3 Apr 2020

Topp fan mourns end of Woman's Weekly

11:08 am on 3 April 2020

Jean Topp has been buying the Woman's Weekly for 70 years, including the issues featuring her daughters, the Topp Twins. She tells Susan Strongman she'll miss her weekly treat after publisher Bauer announced it was closing its New Zealand operation.

Lynda Topp with her mum Jean

Jean Topp, right, with her Topp Twin daughter Lynda Photo: supplied

Jean Topp, 89, was a teenager living at the YMCA hostel on Auckland's Queen St when she bought her first copy of the New Zealand Woman's Weekly.

An avid knitter, Jean was sold on the magazine's patterns, but enjoyed the whole read.

"They were just so, so good," she says over the phone from her lockdown location - the Kaipara home of one of her daughters, Topp Twin entertainer Jools. "You could put them down and pick them up at any time. And I kept most of them."

The magazine launched when she was just two years old - its first 7000 issues went into stores on 8 December, 1932. It had a purple cover, and featured a fetching pattern for a lace knit jumper.

Yesterday its publisher, Bauer media, announced it was closing all its New Zealand magazines.

It was many years into Jean's weekly habit that the magazine featured Mrs Topp's daughters - now Dames - Jools and Lynda on its cover (their brother Bruce, a florist at the time, was also profiled in the magazine).

"It's an interesting carry on from Mum," Jools says, "You know as a teenager picking it up to read and then later in life, picking the magazine up and us being on the front of the cover. That's kind of a cool transition from the early days right through til now."

Jools Topp (left) with her mum Jean and sister Lynda

Jean with Jools and Lynda, who were Woman's Weekly cover stars. Photo: supplied

As a mother of young children living on an isolated farm in the country beyond Huntly, the magazine was a treat for Jean.

She bought it every week until the last edition hit the shelves before the government decided weekly magazines were not essential services that could continue production under the Covid-19 level 4 lockdown. By then she mostly enjoyed reading about - and looking through pictures of - the royals. "I think every colour in this world would suit our Queen at the moment," she says.

Jean says she'll miss her weekly treat. So will many other New Zealand women, says a former editor, Wendyl Nissen.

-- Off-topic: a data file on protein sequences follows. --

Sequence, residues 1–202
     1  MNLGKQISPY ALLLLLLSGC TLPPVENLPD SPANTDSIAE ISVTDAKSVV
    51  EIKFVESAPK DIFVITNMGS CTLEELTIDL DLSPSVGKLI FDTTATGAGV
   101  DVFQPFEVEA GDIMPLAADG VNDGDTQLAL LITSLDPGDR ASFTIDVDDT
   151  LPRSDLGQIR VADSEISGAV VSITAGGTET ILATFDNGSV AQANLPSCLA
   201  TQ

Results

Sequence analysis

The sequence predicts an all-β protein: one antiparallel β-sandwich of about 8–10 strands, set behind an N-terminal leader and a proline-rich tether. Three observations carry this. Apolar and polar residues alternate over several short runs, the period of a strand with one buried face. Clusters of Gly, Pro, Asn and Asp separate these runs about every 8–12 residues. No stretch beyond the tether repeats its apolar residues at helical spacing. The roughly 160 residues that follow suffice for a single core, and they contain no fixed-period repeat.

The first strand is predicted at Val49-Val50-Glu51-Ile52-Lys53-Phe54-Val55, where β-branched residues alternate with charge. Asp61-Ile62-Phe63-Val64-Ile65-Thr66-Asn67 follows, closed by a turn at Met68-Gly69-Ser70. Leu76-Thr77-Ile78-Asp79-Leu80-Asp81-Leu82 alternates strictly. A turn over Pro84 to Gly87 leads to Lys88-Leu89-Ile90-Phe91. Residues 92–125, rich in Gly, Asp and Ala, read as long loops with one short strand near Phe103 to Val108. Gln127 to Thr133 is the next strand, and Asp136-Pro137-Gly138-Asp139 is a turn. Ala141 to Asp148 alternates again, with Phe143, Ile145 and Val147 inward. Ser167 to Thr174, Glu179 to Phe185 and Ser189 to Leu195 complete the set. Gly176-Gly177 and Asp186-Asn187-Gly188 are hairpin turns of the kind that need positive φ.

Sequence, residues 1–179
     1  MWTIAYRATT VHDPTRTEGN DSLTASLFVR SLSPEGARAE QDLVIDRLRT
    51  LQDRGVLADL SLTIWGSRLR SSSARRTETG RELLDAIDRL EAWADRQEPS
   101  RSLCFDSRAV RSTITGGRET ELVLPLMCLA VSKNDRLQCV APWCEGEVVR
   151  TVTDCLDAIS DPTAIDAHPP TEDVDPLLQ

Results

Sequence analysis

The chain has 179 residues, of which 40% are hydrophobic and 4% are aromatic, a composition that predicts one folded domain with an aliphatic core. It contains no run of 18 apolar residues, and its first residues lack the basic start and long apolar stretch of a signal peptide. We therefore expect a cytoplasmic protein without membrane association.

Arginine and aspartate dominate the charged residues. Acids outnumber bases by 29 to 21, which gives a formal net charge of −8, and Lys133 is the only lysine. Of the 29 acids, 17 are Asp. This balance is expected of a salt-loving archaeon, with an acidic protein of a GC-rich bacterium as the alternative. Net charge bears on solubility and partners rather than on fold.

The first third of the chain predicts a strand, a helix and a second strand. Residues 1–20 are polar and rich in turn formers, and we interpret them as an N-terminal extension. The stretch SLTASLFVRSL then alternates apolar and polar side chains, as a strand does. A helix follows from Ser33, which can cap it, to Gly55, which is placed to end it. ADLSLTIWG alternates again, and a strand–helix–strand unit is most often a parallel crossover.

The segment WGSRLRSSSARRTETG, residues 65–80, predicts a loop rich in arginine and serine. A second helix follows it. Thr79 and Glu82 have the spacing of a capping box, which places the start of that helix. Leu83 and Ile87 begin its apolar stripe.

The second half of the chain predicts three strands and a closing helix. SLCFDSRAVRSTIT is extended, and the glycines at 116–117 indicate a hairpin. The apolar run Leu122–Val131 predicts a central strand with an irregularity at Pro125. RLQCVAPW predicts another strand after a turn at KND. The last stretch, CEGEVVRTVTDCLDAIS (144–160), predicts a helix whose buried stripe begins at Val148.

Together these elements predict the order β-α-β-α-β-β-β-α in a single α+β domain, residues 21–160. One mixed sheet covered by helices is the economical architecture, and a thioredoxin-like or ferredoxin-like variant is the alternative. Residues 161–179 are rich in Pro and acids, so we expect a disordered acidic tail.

"Women went to that magazine for advice, for information, it ran stories about politics. It was a really useful magazine, still is... Still was, actually, until this morning," Nissen said, hours after Bauer told its staff their jobs were gone.

The adage from Nissen's time as editor during the 1990s (often referred to as the heyday of women's magazines) was 'bed, bath and beach'.

"Women would read them on the beach, they'd read them in bed and they'd read them in the bath. It was their time, getting that magazine. It was their time in a day that was often all about other people."

Former Woman's Weekly sub-editor Sally Connor says everyone who worked at the magazine was conscious of how much it meant to the Kiwi women who read it. "For some, it represented the only half hour they got to themselves each week and we took that, and them, very seriously when so many others didn't."

One of her jobs at the magazine was to sub-edit the puzzles. "If I got the tiniest detail wrong I'd get a barrage of angry mail about it."

The mail is something other staffers remember with fondness, and Nissen says the letter bag was always huge. Readers shared details about their daily lives, sent in favourite recipes, and sometimes even birthday cards to the editor - always handwritten, often with the most beautiful, cursive hand.

"In a way, we did operate as a friend - these women had a friend in the Weekly," Nissen says. "I think probably the saddest thing about today is I know there are a lot of old women who read the Weekly... who are in isolation on their own, who won't get that magazine through the letterbox next week.

"I think we forget that magazines have a great big subscriber base. And they are things that come through the letterbox and give people so much joy in this country."

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